Psychological evaluations are conducted for a number of reasons and are designed to answer one or more "referral questions". Typically, the referring party (such as another counselor, the school, parents, a physician, etc.) will work with the psychologist to develop the referral question(s) and the psychologist will select a psychologist test or series of tests to answer that question.
I have developed a particular approach to evaluations that seek to answer questions bout a child's neurocognitive abilities. I have termed this approach the "Integrated Neurodevelopmental Assessment System". This approach involves the collection of information from parents and teachers about a child and incorporating that information with the observations of the clinician and the formal test scores derived through the evaluation to gain an understanding of a child's abilities in a number of areas. This evaluation examines the basic building blocks of cognitive ability, academic success, and emotional adjustment; these are termed Foundational Skills and include consciousness (how alert and engaged the child is with their surroundings), attention and concentration, self-regulation, innate intelligence, processing speed, motor ability, and sensory processing. Elaborated skills are also examined through this type of evaluation and include receptive and expressive language processing for visual and auditory material, visual and auditory short-term and long-term memory, and executive functioning. Finally, social cognition, emotional adjustment, and behavioral functioning are examined.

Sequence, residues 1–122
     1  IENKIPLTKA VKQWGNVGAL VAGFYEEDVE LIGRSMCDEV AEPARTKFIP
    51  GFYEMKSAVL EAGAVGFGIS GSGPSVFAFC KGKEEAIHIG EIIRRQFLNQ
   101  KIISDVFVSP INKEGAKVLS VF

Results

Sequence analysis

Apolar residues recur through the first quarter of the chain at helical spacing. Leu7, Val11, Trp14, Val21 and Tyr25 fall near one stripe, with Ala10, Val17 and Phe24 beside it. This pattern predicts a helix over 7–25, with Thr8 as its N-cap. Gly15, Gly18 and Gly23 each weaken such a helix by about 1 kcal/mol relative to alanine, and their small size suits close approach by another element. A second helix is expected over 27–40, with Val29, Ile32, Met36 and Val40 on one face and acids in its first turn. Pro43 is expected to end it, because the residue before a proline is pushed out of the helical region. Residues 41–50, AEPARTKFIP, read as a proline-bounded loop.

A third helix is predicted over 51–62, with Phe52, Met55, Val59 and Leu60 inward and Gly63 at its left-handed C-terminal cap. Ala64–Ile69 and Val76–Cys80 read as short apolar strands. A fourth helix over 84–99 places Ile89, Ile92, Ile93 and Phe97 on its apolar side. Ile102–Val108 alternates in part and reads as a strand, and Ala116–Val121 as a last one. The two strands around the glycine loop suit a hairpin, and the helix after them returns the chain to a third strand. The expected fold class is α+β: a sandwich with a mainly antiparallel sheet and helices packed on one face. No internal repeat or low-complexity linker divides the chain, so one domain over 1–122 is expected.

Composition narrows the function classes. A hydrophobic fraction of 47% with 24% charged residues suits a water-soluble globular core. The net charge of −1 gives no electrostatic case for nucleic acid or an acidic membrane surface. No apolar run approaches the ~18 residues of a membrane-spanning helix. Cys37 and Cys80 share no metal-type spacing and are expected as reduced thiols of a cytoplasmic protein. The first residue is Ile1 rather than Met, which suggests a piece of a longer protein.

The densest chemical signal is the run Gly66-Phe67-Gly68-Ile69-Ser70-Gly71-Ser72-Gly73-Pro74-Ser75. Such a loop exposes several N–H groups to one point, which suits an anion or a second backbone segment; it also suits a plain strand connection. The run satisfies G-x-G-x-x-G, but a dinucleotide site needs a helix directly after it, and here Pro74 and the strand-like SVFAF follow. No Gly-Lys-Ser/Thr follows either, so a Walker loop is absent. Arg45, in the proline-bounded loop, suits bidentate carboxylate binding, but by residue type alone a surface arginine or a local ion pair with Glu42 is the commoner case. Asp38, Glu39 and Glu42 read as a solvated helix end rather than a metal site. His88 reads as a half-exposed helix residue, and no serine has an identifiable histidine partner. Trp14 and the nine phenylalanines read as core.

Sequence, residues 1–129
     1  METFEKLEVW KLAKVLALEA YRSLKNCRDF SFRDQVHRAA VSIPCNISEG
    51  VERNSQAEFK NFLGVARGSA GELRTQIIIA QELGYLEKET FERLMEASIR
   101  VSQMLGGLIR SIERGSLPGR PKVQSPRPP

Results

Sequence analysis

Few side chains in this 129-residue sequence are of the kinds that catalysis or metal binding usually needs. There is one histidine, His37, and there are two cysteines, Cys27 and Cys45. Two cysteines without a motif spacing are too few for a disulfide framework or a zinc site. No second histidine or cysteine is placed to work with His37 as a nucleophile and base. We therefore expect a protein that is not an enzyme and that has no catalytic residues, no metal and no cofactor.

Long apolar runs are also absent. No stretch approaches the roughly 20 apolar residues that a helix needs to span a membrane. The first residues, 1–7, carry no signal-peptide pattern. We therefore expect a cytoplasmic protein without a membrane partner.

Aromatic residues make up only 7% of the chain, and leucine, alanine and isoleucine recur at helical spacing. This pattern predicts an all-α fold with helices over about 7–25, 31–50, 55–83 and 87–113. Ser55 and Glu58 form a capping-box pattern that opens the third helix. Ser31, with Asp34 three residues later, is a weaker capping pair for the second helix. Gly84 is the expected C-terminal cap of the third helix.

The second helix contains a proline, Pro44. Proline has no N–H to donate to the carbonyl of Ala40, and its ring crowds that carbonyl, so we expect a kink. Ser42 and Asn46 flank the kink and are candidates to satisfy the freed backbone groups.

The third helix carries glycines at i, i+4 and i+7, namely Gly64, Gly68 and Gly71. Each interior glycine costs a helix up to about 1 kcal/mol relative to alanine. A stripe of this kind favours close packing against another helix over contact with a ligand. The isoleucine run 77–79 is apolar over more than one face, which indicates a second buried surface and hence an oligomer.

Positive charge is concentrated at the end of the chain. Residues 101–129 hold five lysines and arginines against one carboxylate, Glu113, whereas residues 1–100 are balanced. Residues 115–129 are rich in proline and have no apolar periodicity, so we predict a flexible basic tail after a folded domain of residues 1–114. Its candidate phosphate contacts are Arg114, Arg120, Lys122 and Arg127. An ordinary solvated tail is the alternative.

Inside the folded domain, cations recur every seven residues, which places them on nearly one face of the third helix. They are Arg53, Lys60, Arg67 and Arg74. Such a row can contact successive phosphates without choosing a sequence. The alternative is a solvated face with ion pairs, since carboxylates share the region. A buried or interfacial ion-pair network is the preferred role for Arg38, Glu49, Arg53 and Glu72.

A sample report for this type of evaluation may be found here (there are two documents - the narrative report and a graph that accompanies the report)